15–16 December 2016
Against the background of new, highly differentiated multi-actor governance arrangements of the global economy and world society, responsibility remains vague, ambiguous and contested. State-centered diplomacy, law-based accountability and representative politics all seem grossly out of touch with the changed nature of an interconnected, globalized world. How can moral duties though be defined beyond the territorial and legal boundaries of the nation-state and how can accountability mechanisms for a post-national world be established? This author's workshop dealt with this complexity of responsibility by discussing the forthcoming publication 'Moral Agency and the Politics of Responsibility: Challenging Complexity' edited by Tobias Debiel, Peter Finkenbusch, and Cornelia Ulbert. The volume that will be published by Routledge probably by the end of 2017 roposes an innovative discussion of responsibility in international politics by investigating how moral agency is constituted and shaped under conditions of growing complexity.
The authors' ideas emerged at the Centre for Global Cooperation Research (KHK/GCR21) and the Institute for Development and Peace (INEF). The two-day workshop aimed at exchanging and discussing the arguments of the book with other scholars in order to find a fruitful input to the author's core arguments. A focus was partly given to the broader theoretical framework like general questions on the historically conditioned and changing discourse of responsibility; on responsibility as an element of order making; and on how responsibility is negotiated in polycentric governance arrangements and a non-linear world. The second part of the workshop covered specific examples such as the UN's moral leadership and institutional change, the 'Responsibility to Protect' (R2P), shifting responsibilities in post-conflict peacebuilding settings, or the supply chain practice in transnational business.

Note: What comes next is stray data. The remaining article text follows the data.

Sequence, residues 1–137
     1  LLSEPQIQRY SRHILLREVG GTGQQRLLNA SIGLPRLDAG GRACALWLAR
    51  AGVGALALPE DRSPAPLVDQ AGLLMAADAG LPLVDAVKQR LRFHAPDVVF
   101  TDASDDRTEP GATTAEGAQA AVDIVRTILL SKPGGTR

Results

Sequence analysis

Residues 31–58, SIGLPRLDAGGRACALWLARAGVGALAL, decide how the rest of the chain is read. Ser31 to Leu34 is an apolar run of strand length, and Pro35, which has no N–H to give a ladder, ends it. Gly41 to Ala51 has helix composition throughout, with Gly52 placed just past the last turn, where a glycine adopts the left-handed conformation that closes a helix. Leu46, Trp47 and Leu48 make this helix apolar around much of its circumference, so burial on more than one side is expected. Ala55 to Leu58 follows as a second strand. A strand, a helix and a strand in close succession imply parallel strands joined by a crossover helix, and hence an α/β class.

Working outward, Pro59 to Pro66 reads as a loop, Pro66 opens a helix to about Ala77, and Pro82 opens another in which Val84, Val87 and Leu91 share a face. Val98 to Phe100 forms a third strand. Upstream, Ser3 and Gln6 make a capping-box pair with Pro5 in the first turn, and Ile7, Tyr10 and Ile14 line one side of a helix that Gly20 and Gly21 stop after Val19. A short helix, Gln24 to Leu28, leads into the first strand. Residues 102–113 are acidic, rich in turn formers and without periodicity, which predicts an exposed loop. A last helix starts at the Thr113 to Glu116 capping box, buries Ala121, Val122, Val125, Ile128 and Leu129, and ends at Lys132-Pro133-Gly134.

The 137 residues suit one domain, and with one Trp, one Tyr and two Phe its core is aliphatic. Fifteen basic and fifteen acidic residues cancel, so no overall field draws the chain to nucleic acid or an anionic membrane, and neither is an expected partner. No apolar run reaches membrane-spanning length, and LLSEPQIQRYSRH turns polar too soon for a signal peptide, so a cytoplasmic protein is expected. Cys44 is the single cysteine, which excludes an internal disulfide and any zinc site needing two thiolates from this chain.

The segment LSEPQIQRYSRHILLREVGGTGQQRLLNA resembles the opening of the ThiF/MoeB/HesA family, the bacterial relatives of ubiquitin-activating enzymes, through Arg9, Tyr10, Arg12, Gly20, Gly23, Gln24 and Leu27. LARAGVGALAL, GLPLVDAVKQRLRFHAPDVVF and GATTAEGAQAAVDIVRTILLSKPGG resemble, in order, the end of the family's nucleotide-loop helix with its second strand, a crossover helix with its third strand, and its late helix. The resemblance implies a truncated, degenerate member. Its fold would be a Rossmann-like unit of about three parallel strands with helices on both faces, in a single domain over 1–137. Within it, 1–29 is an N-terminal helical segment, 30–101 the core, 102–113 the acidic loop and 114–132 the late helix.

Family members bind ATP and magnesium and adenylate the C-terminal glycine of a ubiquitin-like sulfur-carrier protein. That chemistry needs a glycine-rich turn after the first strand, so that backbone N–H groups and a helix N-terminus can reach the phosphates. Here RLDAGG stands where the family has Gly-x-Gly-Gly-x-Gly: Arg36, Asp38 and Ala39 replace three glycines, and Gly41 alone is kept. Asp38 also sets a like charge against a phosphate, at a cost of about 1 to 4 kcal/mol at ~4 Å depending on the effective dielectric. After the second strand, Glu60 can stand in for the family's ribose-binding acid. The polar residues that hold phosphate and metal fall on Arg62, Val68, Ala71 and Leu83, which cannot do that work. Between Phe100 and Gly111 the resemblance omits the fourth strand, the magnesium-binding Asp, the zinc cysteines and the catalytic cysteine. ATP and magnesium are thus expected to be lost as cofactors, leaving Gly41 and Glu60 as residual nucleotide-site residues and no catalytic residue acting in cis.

Venue: Centre for Global Cooperation Research, Schifferstr. 196, 47059 Duisburg